UPDATE: Oscar Pistorius wept so loudly in court the judge said, “Take it easy,” as prosecutors announced they plan to pursue premeditated murder charges that could put him in prison for life.
The Wall Street Journal’s Matthew Futterman noted the Blade Runner is just the latest Nike-affiliated athlete or coach to get in trouble, following Lance Armstrong, Tiger Woods, Joe Paterno and Michael Vick.
Via the WSJ:
There’s a perception that Nike has somehow changed the rules of athletic success in a crass or craven way. Some accuse the company of commoditizing fame. The size of one’s Nike contract is often seen as another form of scorekeeping for the modern athlete, alongside things like the size of their contracts or the number of Twitter followers they have.
The thing about Nike that rarely gets acknowledged is that it doesn’t sell shoes, or even athletes, as much as it buys and sells stories, narratives, fairy tales. They aren’t a shoe company as much as a giant abstraction—a condition of the aspirational mind.
PREVIOUS: Olympic sprinter Oscar Pistorius joins the infamous list of athletes charged with murder, along with Ray Lewis, O.J. Simpson and Rae Carruth.
In my story for Advertising Age, I report how Pistorius’ stunned sponsors such as Nike, Oakley and BP Global are reacting to news he shot his model girlfriend Reeva Steenkamp over Valentine’s Day at his upscale home in Pretoria, South Africa.
Nike’s 2011 ad featuring the double-amputee nicknamed the “Blade Runner” seems eerily prophetic now. “I am the bullet in the chamber,” it reads, next to an image of Pistorius firing out of the starting block next to Swoosh’s traditional “Just Do It” slogan.
The Swoosh also featured the 26-year old Pistorius, (whose legs were amputated as a baby when he was born without fibula bones), in a TV spot themed: “My Body is my Weapon.” The Swoosh ad with the “bullet” reference was yanked from Pistorius’ personal web site Thursday.
Blogger Jay Busbee of Yahoo! Sports made a smart point on the subject of marketers using bullets and weapons in their ads. “Is weaponry and violence too serious of a metaphor to employ so casually in marketing?” he asked.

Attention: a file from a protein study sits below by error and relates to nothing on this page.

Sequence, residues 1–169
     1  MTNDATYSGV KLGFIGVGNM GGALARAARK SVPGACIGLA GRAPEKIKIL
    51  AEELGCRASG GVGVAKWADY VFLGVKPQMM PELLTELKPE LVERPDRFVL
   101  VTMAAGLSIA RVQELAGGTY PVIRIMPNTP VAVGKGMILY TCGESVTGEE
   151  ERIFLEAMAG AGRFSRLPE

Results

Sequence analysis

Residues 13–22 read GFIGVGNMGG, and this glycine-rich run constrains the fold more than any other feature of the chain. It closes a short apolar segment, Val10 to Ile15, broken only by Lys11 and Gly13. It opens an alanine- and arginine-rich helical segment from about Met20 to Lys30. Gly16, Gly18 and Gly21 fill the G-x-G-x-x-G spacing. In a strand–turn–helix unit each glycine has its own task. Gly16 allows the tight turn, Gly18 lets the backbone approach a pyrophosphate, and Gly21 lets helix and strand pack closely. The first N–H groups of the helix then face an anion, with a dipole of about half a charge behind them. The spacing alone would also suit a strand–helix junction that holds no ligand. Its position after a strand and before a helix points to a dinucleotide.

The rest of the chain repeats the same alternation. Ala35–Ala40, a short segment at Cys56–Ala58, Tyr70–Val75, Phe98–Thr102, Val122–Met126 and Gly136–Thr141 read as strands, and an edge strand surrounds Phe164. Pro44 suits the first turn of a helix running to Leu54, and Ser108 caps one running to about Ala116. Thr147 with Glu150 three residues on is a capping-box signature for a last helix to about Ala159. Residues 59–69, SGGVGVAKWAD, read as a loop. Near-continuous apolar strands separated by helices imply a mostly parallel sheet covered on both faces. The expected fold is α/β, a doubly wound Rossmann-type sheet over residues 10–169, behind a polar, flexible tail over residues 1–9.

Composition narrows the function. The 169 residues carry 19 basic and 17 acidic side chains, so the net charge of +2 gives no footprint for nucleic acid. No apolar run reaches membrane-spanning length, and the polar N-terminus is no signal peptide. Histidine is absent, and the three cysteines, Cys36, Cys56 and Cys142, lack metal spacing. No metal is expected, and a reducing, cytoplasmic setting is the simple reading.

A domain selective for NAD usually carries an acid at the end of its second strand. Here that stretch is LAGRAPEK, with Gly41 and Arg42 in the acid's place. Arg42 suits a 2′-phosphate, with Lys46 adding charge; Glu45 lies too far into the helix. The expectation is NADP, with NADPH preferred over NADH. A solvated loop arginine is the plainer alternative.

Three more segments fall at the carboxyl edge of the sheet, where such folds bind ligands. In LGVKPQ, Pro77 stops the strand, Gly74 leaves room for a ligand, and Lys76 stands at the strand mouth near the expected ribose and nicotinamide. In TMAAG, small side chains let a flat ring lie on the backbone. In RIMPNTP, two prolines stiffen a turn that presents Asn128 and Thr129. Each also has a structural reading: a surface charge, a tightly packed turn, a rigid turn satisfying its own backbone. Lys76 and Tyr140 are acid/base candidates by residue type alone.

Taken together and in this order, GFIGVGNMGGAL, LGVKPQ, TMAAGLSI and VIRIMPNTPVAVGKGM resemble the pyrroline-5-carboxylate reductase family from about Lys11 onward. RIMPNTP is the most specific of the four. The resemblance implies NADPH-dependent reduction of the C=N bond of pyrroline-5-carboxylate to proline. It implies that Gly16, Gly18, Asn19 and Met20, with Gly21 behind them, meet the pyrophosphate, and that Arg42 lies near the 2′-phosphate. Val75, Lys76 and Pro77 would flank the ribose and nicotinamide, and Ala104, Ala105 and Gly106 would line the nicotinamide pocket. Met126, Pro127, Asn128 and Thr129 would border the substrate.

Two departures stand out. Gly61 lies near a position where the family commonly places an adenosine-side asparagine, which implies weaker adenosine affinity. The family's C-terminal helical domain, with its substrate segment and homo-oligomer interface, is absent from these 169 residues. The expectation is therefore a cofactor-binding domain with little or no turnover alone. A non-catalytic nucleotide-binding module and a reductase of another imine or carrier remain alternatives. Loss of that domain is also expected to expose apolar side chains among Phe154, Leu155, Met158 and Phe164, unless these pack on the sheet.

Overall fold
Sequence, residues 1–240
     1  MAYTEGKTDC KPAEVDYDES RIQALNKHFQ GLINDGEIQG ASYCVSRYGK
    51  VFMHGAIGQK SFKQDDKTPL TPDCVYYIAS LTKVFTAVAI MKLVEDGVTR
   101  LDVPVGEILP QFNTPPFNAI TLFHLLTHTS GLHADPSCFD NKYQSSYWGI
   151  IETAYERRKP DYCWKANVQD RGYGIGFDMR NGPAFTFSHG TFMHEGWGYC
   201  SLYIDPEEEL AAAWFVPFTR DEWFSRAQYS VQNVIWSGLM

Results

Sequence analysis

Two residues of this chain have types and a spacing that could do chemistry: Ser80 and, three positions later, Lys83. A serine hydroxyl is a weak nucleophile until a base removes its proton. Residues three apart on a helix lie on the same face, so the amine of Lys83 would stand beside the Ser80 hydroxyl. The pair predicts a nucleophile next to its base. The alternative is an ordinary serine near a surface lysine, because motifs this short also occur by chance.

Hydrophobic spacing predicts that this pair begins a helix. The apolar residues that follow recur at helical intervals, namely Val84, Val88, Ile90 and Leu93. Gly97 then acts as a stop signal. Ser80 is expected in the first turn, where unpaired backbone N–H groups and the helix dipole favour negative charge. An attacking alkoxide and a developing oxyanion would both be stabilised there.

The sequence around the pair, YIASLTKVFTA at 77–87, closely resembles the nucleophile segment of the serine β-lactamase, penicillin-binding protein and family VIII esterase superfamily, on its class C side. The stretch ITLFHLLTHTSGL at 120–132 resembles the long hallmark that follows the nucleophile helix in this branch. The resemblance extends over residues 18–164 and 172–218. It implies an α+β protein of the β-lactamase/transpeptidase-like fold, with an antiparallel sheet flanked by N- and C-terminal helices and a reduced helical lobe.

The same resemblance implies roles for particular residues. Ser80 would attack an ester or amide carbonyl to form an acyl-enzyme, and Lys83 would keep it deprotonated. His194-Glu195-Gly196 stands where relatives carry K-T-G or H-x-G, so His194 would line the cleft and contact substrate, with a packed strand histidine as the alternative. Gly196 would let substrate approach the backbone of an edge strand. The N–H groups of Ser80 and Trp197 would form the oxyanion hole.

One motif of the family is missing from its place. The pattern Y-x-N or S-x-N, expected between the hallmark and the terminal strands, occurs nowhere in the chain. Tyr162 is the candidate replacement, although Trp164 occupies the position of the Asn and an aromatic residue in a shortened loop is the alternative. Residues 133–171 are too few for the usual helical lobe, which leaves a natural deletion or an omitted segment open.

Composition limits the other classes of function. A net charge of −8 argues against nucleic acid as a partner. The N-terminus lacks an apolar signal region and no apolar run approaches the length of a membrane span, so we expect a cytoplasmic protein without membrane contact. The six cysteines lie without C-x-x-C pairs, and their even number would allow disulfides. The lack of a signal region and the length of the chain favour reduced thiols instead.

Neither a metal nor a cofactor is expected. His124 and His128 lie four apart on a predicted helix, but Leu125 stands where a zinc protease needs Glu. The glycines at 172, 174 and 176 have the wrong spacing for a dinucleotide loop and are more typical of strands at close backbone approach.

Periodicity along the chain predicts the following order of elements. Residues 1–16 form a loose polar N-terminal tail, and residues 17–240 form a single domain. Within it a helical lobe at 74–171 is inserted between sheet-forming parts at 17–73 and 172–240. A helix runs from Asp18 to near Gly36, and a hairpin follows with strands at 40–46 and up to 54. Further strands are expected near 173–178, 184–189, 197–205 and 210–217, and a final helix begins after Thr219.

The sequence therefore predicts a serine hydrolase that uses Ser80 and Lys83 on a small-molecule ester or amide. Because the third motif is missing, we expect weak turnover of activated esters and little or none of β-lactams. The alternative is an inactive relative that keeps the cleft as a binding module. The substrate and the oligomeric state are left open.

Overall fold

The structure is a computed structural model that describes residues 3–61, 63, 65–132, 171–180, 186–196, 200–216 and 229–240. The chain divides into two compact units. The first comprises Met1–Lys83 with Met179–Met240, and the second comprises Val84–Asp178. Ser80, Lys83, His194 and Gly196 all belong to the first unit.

With the debate over gun control raging in the U.S., crisis manager Eric Dezenhall predicts Madison Avenue will “chill out” on using violent images and metaphors in ads for a while.
Nike and Oakley recently dropped disgraced cyclist Lance Armstrong as an endorser. From my story in Ad Age:
Nike and other corporate sponsors of the jailed 26-year-old Pistorius reacted quickly to the horrific news from Pretoria, South Africa.
Nicknamed the “Blade Runner” for racing on carbon-fiber blades, Pistorius made history at the 2012 London Olympics by becoming the first double-leg amputee to participate in the games. The world’s most famous Paralympian is expected to appear at a bail hearing Friday.
“Nike extends its deepest sympathy and condolences to all families concerned following this tragic incident,” said the Swoosh in a statement. “As it is a police matter, Nike will not comment further at this time.”
Oakley and BP Global both said they were “shocked” by the news, but both declined to comment further, citing the investigation.
Nike and Oakley recently dropped disgraced cyclist Lance Armstrong after it became clear he lied about using performance enhancing drugs. But the two marketers and Pistorius’ others sponsors in South Africa and Europe will have to navigate very deep waters, said Eric Dezenhall, author of “Damage Control.”
O. J. Simpson is the most famous athletic endorser charged with murder. But Hertz dropped Mr. Simpson in late 1992 when reports surfaced of domestic-violence incidents between him and his wife, Nicole Brown Simpson. So the deal was history when he was charged with murdering his estranged wife and Ron Goldman in 1994.
Other endorsers such as Mr. Armstrong, Tiger Woods, Michael Vick, Ben Roethlisberger, and Kobe Bryant have lost sponsors due to their use of performance-enhancing drugs, engaging in extramarital affairs, running dog-fighting rings and being charged with sexual assault. But there’s few examples of American athletes in their prime charged with murder.
One would be wide receiver Rae Carruth of the NFL’s Carolina Panthers, who was found guilty of conspiring to murder his eight-months-pregnant girlfriend in 2001. Cherica Adams died. But she lived long enough to finger Carruth after the 1999 shooting. Her unborn son, Chancellor Lee Adams, survived after an emergency caesarean section.
Linebacker Ray Lewis of the Super Bowl XLVII champion Baltimore Ravens was charged with two counts of murder in 2000. But the charges were reduced when he agreed to testify against his friends. When Mr. Lewis was named MVP of Super Bowl XXXV, Disney chose quarterback Trent Dilfer for its “I’m going to Disney World” ad campaign instead of the controversial Mr. Lewis.
Mr. Dezenhall, the crisis-management adviser, said he’d advise Pistorius’ sponsors to “express great distress,” then keep their mouths shut until they find out more facts. Meanwhile, he predicts Nike and other marketers will “chill out” on violent imagery in ads.
After Mr. Armstrong, Mr. Woods and others, the public is almost numb to athletic scandals. “Some of this celebrity malfeasance is kind of baked into the casserole at this point,” Mr. Dezenhall said.